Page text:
What's in My Bag

What’s in my insect photography bag? — Mark W. Moffett


What’s in my … ? issue #118

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I am a tropical biologist and explorer known for my studies of animal social life, and especially the behavior of ants, and I’m acclaimed as well as an insect photographer. Because I often work in remote places, I need to cram any and all tools I might need into a bag that I keep on my back day after day.

Pictured are the small items that I carry to watch ants and other insects —tools I describe below starting at the left and proceeding clockwise:

1. A small mirror to follow ants moving under objects within the leaf litter — surprising how often this helps. I have tracked ants many yards over periods of hours with this mirror, an insane job.

2. A vial of sugar water dyed red to keep track of which ants are which (the ones that turn cherry red belong to my colony, hooray!).

3. One of the vials of 70-80% ethyl alcohol I carry for preserving insect specimens.

4. A vial of dilute honey and a vial cooking oil, used as baits to assess what tasty diet my ants prefer and then to follow the ant workers back to their nest.

5. 20X loupe (magnifier) on a silver chain that I wear around my neck when I need it often.

6. Face mask made from blue cords and the sleeve of an old yellow t-shirt that I should perhaps replace with a mask against Covid — this I put on to avoid disturbing insects (breathing on certain kinds of ants can make them very angry!).

7. Strong twine that can be employed, for example, to tie back any vines that get in the way of my access to a study subject so that I don’t need to cut down any annoying plants.

8. Orange flagging tape to mark the location of an ant nest or some other study subject.

9. Sometimes I see something big! This is a small monoscope with a carabiner to attach it to one flank of the camera bag, which I use to quickly identify a distant subject like a bird before I pull out the 100-400 mm lens from my bag should I decide to study it further, or to take its picture.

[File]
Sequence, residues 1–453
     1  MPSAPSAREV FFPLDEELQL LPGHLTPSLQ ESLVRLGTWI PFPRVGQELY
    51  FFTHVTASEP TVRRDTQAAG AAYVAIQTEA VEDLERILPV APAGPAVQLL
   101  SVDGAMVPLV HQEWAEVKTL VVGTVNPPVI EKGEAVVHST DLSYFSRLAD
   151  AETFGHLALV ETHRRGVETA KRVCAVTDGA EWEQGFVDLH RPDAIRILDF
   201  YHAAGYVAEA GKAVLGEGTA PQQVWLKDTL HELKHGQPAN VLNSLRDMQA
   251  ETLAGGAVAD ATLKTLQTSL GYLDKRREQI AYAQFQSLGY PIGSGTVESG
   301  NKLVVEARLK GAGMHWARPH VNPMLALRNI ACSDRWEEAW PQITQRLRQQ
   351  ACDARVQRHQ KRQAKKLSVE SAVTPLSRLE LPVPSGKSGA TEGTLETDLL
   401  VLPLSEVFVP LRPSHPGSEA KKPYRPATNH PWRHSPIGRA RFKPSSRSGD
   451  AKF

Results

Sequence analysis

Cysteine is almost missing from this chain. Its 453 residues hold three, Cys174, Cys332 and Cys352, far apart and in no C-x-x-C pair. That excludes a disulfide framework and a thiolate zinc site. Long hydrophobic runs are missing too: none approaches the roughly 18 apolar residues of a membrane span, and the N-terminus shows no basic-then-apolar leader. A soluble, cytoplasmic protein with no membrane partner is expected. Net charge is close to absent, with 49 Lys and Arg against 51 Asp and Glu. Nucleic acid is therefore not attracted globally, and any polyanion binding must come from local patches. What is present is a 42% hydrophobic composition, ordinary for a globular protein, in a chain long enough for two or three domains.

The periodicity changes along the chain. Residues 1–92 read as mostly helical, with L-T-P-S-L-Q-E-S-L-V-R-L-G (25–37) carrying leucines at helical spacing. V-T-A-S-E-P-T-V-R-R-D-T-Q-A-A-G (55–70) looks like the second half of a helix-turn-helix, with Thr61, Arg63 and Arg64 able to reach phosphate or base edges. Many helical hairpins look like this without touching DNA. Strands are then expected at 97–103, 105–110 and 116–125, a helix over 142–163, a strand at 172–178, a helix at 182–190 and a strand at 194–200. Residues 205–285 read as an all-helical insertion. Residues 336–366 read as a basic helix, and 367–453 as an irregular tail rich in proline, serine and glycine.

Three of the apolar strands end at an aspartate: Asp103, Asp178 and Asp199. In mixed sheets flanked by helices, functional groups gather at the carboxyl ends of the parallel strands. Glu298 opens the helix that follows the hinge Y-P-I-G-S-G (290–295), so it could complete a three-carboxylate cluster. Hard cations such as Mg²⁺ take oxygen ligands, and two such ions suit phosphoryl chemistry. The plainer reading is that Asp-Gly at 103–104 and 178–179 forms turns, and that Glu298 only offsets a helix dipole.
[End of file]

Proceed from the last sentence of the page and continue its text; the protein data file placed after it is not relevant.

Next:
10. A featherweight forceps, which allows me to pick up an insect without hurting it (though I’m fearless about using my fingers — ouch!).

11. A black-stoppered aspirator, used to suck bugs into a small plastic container to examine later.

12. A Swiss army knife with all the fixin’s (though I’ve grown cautious about bringing one on trips because before arriving at the airport I often forget to move it over from my camera bag into a check-in bag, and so airport security officials have looked at me crossly and confiscated several).

13. A cheap compass because the one in a phone or GPS can fail in dense forests ( #$%!!! Where am I???).

14. Extension arms that I adjust to position one or two camera flashes exactly where I want them to give my small subjects the best beauty treatment. (Notice the red tape I’ve put around one arm, which makes this device harder to miss should I put it down in the leaf litter — I stick a bit of this bright colored tape to every small item of camera gear I own, such as my lens caps.) This is the only piece of actual camera gear from my bag that I show here. But, FYI: For insect photography I carry a 60 mm Canon macro lens, a 1-5X Canon macro lens, three 25 mm extension tubes and a Canon macro twin light (ring lights flatten the subject and should be avoided unless you’re photographing postage stamps).